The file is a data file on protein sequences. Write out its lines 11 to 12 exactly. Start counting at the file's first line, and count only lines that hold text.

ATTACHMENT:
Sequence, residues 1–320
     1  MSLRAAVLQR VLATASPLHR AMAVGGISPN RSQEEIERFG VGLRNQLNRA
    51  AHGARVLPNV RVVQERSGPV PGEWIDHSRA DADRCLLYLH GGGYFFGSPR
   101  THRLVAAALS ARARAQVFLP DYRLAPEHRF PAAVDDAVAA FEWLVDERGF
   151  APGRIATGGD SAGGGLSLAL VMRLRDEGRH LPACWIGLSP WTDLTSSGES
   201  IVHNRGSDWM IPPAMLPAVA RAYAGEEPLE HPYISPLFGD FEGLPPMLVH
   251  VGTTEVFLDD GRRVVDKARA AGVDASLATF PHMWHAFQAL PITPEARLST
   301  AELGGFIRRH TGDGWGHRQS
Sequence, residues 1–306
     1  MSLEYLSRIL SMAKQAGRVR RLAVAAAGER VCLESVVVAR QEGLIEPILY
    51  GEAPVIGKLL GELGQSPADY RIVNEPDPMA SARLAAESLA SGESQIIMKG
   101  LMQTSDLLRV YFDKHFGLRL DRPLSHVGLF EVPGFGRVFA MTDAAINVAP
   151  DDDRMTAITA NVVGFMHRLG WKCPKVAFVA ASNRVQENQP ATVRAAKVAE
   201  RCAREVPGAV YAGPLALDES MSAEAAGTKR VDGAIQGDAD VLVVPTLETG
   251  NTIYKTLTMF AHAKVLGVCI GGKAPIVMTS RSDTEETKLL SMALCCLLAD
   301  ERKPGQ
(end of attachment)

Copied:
    51  GEAPVIGKLL GELGQSPADY RIVNEPDPMA SARLAAESLA SGESQIIMKG
   101  LMQTSDLLRV YFDKHFGLRL DRPLSHVGLF EVPGFGRVFA MTDAAINVAP